The Metamorphosis: An Analysis – Part One.

An exploration of Marxist alienation found in Franz Kafka’s novella

It is highly recommended you read or listen to a copy of Kafka’s The Metamorphosis before reading ahead. Plot and character details are spoiled in the article below.


Published in 1915, Franz Kafka’s The Metamorphosis is a gruelling and ironic depiction of the pressures imposed by family and profession in the Twentieth Century. The novella centres around travelling salesman Gregor Samsa who, one morning, finds himself transformed into an insect. What follows, depending on the interpretation, is a reflection of how modern life provides a misunderstanding of predicament and a lack of empathy towards those who have been beaten down by an unforgiving capitalist system.

Equally, The Metamorphosis asks questions of Gregor himself. Over time he has continued to disregard his own well-being and autonomy, seeing himself as the saviour of his family’s debts. Yet, by doing so, he has missed the fact that his family appear to resent the house he has chosen to rent, or that their debts are not quite as bad as they seemed.

He has carried a cross which he need not have bore.

The Metamorphosis is a much admired and analysed text which has provided many themes and interpretations for students of literature in the last century.

Its appeal can be summarised in the words of Vladimir Nabokov:

“In The Metamorphosis, contrast and unity, style and matter, manner and plot are most perfectly integrated.”

Over the next three articles, I will highlight the overriding theme of alienation, while also providing one interpretation which demonstrates how ever-relevant Gregor’s story remains to this day.

Alienated from your Livelihood.

A common commentary of the text is a Marxist critique of Gregor’s predicament.

In the opening, Gregor laments his job as a travelling salesman; he complains about the constant flux and the lack of meaningful human connections that it entails.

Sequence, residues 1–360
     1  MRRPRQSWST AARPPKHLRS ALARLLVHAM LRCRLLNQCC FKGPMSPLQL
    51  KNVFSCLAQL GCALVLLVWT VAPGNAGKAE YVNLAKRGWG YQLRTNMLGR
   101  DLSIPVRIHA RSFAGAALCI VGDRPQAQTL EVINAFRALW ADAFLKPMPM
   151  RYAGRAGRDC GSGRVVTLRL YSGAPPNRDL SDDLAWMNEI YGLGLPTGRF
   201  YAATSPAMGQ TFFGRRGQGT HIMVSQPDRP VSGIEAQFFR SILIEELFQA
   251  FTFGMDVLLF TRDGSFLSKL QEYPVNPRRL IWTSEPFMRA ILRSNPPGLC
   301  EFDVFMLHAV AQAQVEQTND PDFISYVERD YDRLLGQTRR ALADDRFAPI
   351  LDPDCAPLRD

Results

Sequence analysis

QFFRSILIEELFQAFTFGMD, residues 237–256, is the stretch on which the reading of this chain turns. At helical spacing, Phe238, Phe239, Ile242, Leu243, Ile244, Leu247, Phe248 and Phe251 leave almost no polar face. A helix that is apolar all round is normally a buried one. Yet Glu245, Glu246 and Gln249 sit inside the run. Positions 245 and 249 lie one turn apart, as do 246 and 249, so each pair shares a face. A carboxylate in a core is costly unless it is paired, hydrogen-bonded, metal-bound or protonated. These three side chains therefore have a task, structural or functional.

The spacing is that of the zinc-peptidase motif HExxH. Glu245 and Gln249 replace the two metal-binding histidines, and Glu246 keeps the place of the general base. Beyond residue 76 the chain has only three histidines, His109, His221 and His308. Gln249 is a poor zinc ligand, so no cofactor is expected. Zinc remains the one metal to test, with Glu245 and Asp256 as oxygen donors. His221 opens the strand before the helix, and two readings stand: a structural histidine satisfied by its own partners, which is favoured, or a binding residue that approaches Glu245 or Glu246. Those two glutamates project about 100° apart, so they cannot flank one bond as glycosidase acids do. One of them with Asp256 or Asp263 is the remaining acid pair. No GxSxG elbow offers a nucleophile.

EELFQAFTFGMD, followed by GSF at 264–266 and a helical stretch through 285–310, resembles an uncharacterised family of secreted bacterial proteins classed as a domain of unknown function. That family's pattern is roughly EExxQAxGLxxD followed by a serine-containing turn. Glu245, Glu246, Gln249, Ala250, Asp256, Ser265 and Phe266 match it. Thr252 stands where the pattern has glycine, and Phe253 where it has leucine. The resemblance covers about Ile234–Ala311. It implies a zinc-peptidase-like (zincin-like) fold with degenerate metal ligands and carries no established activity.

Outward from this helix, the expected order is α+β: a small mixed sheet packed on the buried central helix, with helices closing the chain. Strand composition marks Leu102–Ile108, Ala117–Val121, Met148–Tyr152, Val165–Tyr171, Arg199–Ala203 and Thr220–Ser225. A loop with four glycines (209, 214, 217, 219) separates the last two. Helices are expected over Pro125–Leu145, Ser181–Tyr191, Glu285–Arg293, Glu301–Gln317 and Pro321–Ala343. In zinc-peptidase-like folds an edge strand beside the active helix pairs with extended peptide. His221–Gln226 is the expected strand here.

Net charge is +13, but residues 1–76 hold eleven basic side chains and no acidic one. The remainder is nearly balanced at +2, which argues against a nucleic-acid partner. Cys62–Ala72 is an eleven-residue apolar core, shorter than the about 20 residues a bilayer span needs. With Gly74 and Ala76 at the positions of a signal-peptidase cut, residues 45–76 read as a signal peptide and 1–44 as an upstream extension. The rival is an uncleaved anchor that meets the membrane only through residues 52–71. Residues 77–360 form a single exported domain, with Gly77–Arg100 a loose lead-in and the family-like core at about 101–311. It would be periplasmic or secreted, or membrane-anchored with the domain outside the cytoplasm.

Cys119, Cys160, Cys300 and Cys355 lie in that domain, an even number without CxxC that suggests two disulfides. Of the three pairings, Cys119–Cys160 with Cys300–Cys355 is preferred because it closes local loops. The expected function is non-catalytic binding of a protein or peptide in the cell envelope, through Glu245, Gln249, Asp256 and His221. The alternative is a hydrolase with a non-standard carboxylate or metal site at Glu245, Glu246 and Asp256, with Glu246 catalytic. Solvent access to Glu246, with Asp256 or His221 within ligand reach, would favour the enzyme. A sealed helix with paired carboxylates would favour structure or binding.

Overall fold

“Work like this is far more unsettling than business conducted at home…worrying about train connections, the irregular, unpalatable meals, and human intercourse that is constantly changing, never developing the least constancy or warmth.” – Gregor Samsa.

In this sense, Gregor’s position is typical because he has not opted for his job out of a passion to sell, but rather, he feels obliged to work in order to free the family from his father’s debts.

“If I didn’t have to hold back for my parent’s sake, I’d have given notice long ago.” – Gregor Samsa.

Gregor shares his dream early on of how he hopes, after five or six more years, that he’ll have done enough to quit. Nonetheless, it is not evident this is entirely the case, and either way, the toll his labour will take on him by the end of the novella cannot be worth the price he pays for it.

Yet, despite this, Gregor doesn’t appear to greatly resent the work – one can only assume because he, in part, enjoys the growing dependency his family have on his wages.

What is clear is that he would prefer a different set of circumstances; particularly concerning his superiors who provide a great source of anxiety.

The first part of the book is centred around the impact his transformation has had on his ability to make it to work. What should be a small mishap, is treated as suspicious, with the Chief Clerk arriving to question Gregor’s motives.

It is here that we are exposed to just how much Gregor’s job has estranged him from those in his life, as well as how he has been separated from his own desires.

His mother pleads with the Chief Clerk, desperately reminding him that Gregor is only slightly ill and that he does nothing other than think about his work.